Can a co-executor be removed?

Yes. A co-executor of estate may be removed on the same grounds as a sole executor, and also when the co-executor is acting unilaterally without the consent or cooperation of other executors. When co-executors are appointed in a will, they must agree on any action proposed before taking it. Both executors must sign off on any legal documents or transactions relating to the estate. If any disagreement exists between co-executors, neither one may take action. Sometimes, a co-executor may “go rogue” and make important decisions regarding trust assets without the knowledge or approval of their appointed partner. When this happens, a petition to remove the offending co-executor may be initiated either by an interested party like a beneficiary, or by the other executor of estate.

 

Can I remove an executor from a will before death?

Yes. A creator of a will is free to remove or replace an executor at any time before his or her death, provided they are of sound mind and have capacity to do so. It is imperative that the maker of a will work under the advisement of an estate lawyer when making any changes. All state-mandated procedures for formalizing such changes must be strictly adhered to for any amendments to be deemed enforceable. If you have an existing will and you know you want to change executors or beneficiaries, you should do so now, rather than waiting until the eleventh hour. When major changes are made close to death, opportunistic parties may claim that the deceased was incapacited or wrongfully pressured into making such changes and, therefore, the will is the product of undue influence and invalid and unenforceable. 

 

Can I remove myself as the executor of estate?

Yes. An executor of estate cannot be forced to serve as such if they feel they are unable or unqualified to do so. Again, the duties and responsibilities of an executor are many. It’s a very time-consuming, complex, and often stressful role. Accepting an executor appointment may also open an individual up to personal liability should they mismanage the estate in any way — intentionally or accidentally.

Understandably, some executors ultimately decide they simply aren’t up for the task. Perhaps they just don’t have the time, the energy, or the expertise to do the job well. Or maybe they’re too emotionally overcome with grief to handle tasks they thought they’d be able to. Whatever the case, if an executor wishes to remove themselves from their position, they may file a notarized renunciation form with the probate court, detailing their reasons for stepping down. In almost every case, the court will grant the resignation and appoint a replacement executor to take over.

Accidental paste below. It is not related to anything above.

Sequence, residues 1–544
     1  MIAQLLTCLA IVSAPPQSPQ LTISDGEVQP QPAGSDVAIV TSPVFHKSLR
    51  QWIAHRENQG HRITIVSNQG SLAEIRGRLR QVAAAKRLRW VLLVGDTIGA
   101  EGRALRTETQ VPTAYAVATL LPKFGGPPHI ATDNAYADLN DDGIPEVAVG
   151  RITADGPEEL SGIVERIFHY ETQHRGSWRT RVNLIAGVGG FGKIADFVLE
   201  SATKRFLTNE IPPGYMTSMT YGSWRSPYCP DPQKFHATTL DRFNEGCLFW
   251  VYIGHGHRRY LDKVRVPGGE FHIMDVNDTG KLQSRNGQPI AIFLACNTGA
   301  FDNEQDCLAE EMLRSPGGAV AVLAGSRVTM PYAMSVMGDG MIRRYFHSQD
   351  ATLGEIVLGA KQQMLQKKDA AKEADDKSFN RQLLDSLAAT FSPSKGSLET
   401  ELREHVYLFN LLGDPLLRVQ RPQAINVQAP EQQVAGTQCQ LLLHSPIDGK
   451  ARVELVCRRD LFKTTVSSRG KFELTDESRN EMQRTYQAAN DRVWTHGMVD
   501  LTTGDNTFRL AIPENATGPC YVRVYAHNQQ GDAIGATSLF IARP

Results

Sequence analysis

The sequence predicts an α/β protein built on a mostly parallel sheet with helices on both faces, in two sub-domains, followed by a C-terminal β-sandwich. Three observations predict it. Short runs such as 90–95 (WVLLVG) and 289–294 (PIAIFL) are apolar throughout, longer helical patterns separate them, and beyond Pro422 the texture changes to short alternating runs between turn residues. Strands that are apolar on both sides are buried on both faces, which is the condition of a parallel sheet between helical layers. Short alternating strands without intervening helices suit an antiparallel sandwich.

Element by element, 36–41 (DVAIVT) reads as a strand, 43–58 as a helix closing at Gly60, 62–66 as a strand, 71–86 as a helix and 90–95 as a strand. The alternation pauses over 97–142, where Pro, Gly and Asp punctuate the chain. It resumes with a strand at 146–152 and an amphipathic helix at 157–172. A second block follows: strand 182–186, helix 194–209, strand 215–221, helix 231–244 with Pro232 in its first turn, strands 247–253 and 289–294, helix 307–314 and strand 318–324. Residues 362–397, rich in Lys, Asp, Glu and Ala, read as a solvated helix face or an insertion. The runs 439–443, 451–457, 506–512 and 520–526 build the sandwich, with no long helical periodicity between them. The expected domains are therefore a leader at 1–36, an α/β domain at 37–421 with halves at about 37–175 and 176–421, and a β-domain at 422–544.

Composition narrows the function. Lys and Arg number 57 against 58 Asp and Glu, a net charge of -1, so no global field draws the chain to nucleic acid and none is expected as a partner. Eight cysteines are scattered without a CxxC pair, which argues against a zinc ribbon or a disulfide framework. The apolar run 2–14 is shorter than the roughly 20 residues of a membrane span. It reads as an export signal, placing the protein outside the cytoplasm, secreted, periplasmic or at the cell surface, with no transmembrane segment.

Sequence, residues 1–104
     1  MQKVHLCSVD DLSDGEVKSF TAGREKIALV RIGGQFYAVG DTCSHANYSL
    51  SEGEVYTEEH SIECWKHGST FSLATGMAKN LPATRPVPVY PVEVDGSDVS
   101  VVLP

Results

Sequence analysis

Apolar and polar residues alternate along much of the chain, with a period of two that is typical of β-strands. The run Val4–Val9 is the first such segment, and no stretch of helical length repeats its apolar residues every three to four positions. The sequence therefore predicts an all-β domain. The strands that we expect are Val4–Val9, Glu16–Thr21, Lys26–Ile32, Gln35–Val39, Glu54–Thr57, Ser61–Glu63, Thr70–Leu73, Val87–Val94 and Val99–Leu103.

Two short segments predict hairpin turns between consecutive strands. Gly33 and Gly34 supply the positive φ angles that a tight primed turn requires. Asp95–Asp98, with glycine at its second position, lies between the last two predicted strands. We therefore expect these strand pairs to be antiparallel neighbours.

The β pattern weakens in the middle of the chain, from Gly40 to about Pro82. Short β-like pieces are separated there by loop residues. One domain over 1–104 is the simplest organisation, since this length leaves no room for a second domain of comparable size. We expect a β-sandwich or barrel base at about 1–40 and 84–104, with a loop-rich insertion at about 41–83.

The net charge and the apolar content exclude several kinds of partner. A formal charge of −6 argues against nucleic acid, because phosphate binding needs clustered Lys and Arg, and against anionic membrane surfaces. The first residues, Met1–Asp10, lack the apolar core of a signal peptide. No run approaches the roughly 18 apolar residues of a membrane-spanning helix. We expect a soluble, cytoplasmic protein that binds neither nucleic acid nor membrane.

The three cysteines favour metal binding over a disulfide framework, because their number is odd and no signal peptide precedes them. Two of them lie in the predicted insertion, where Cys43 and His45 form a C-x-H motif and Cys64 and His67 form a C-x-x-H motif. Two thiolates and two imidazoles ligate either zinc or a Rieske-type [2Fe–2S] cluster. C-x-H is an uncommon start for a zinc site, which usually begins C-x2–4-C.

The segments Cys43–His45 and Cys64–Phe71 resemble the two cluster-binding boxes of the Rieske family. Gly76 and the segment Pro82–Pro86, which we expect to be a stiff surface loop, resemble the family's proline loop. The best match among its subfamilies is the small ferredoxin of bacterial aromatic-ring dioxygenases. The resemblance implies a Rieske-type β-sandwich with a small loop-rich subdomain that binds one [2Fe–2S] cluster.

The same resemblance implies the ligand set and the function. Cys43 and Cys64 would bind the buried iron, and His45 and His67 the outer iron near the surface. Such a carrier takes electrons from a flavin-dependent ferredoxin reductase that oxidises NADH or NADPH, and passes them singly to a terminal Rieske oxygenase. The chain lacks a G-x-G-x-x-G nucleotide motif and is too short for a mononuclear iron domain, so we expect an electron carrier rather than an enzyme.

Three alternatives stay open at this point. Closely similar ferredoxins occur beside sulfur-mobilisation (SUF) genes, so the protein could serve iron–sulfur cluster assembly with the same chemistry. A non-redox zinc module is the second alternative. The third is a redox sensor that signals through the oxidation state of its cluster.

When should I contact a probate litigation attorney?

You should contact a probate litigation attorney the moment you suspect that an executor is acting against the estate’s best interests, or failing to live up to his or her duties. We cannot stress enough that it is better to act now than to wait until precious resources have been squandered or mismanaged. 

At RMO, as with most reputable trust litigation firms, our initial consultation is free. We want to hear the facts of your specific case, and if we don’t think we can win it, we won’t take it. That’s how we maintain our winning record and the trust of our clients, courtrooms, and communities. 

We recommend finding an experienced trust litigation attorney familiar with the county probate court in the county where the will is being administered. For example, if the executor of estate lives in Miami, Florida, but the will is being probated in Los Angeles, California, we recommend working with an executor removal lawyer in Los Angeles. A Los Angeles probate lawyer will generally be more familiar with the Los Angeles Superior Court Probate Division, versus an out of state attorney.

 

Have questions? Contact us for a free consultation.

(424) 320-9444 or hello@rmolawyers.com

 

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Read More

The Guide to Family Trust Embezzlement and Stealing

The Winner’s Guide to Family Trust Contests

The Trustee’s Guide to Breach of Trust Claims

The Ultimate Guide to Trustee Malfeasance

The California Guide to Elder Financial Abuse

 

About RMO, LLP

RMO LLP serves clients in Los Angeles, Santa Monica, Orange County, San Diego, Kansas City, Miami, and communities throughout California, Florida, Missouri and Kansas. Our founder, Scott E. Rahn has been named “Top 100 – Trust and Estate Litigation” by SuperLawyers, Trusts and Estates Litigator of the Year, and Best Lawyers in America for Litigation – Trusts and Estates. For a free consultation, call (424) 320-9444 or visit: https://rmolawyers.com